US 4494310 A
A belt buckle knife is disclosed in which a knife portion can be removed with the knife blade locked in its open position without the need of removing the belt buckle knife from the belt. The belt buckle knife includes a buckle portion which engages and fastens the belt independent of the knife portion. The knife portion is selectively operable from a knife closed position to a knife open position. In the knife closed position, the knife blade is engaged by an open tapered groove running along the length of the buckle portion, with the knife portion and the buckle portion being securely fastened together. In the knife open position, the knife blade is locked open with respect to the knife handle, and the knife portion can readily be removed from the buckle portion.
1. A belt buckle knife adapted to engage and fasten a belt, comprising:
a knife structure having a blade member comprising a blunt edge and sharp edge, and a handle member operable between a knife closed position and a knife open position in which said blade member and said handle member are locked relative to each other, and when in the closed position the sharp edge of the blade member is enclosed by the handle member and a portion of the blunt edge is exposed along its length, and
a buckle structure adapted to engage and fasten a belt, the buckle structure engaging the exposed blunt edge of the blade member to fasten the knife structure and buckle structure together.
2. The belt buckle knife according to claim 1 wherein:
the knife structure when securely attached to buckle structure is operable in a knife open position in which the blade member is locked open relative to the handle member and the knife structure is removable from the buckle structure.
3. The belt buckle knife according to claim 1 wherein the buckle structure comprises:
a receiving groove formed by the side walls of the buckle structure along the length of the buckle structure, said groove adapted to engage the blade member along the length of the exposed blunt edge to fasten the knife structure together with the buckle structure.
4. The belt buckle knife according to claim 3 wherein the receiving groove is tapered, said groove widening as it extends into said buckle structure.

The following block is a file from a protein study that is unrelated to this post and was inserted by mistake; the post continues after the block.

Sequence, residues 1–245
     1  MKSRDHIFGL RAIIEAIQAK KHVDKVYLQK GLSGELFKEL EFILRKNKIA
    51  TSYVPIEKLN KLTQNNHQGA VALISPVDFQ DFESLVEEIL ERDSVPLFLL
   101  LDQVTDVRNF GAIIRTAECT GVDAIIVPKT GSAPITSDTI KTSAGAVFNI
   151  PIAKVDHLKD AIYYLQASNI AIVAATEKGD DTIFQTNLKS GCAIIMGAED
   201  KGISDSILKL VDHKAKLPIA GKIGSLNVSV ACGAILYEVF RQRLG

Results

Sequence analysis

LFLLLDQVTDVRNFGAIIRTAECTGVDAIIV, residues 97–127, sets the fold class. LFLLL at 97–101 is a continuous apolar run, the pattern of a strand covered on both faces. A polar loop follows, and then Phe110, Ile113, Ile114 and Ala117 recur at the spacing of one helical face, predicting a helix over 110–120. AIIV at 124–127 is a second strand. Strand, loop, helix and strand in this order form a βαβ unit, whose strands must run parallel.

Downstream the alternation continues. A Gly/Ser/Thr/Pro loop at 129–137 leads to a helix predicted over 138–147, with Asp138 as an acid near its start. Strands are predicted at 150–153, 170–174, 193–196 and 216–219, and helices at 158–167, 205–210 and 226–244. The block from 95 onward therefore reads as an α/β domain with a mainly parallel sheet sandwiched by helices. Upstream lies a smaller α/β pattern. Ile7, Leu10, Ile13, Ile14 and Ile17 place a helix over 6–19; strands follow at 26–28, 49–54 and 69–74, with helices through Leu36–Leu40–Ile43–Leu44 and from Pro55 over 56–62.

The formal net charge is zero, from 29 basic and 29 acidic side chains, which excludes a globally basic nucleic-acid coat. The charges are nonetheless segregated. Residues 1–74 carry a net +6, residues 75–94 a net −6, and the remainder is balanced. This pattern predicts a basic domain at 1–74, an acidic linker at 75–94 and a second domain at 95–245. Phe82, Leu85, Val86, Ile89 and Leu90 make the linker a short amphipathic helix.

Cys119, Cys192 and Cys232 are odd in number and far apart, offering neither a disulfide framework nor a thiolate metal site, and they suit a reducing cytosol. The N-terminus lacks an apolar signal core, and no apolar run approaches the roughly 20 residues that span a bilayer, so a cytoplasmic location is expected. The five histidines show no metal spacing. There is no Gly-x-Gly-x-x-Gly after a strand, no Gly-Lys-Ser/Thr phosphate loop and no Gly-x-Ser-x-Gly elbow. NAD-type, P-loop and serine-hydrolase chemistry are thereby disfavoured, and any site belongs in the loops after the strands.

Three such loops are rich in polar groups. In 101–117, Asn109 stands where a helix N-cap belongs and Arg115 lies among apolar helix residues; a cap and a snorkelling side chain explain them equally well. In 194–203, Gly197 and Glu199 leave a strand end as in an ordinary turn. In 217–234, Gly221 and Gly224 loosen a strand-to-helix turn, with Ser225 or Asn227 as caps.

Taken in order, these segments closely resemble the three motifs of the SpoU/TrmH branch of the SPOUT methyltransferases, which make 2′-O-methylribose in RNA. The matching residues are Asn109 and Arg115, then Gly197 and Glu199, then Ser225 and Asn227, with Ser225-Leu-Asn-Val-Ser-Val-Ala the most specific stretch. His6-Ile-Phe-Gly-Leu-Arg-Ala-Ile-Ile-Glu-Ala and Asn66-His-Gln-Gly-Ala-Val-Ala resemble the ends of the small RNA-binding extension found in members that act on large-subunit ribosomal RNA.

5. The belt buckle knife according to claim 1 wherein the knife structure is a conventional folding knife, which when folded has a partially exposed blade member.
This invention relates generally to knives, and more particularly to a belt buckle and knife combination.
The knife is a tool long used and known by man. It is a favored tool of outdoorsmen, and is used for many tasks, both in and out-of-doors.
Numerous knives have been designed to accommodate varying needs and tastes. Long known is the straight knife which can be accommodated by a sheath worn on a belt. The straight knife has the advantage of being in an open position when withdrawn from its sheath. It has the disadvantage, however, of catching on to underbrush, tree branches and the like in the woods, and of getting in the way when its wearer is seated, for example, in a car.
Folding knives have been designed which can be carried either in a pocket or in a knife case worn on a belt. While roughly half the size of a straight knife when in its closed position, the folding knife can result in a rather large mass in a pocket, which can lead to discomfort when seated. And, while the belt worn knife case is smaller than the belt worn straight knife sheath, it is still of sufficient size to catch underbrush and branches in the woods. The folding knife has the disadvantage of being closed when it is removed from a pocket or from a knife case, thereby requiring an operation in addition to withdrawing the knife from the pocket or knife case to place the knife blade in an open and usable position.
Belt buckle knives have been developed to alleviate the foregoing problems experienced with straight blade knives and folding knives. In most of the known prior art belt buckle knives, however, the knife forms an essential part of the buckle. To use the knife, the belt must first be unfastened and the buckle/knife combination then taken apart. Such prior art devices have the distinct disadvantage that the buckle and belt must be unfastened to use the knife portion of the combination belt buckle/knife.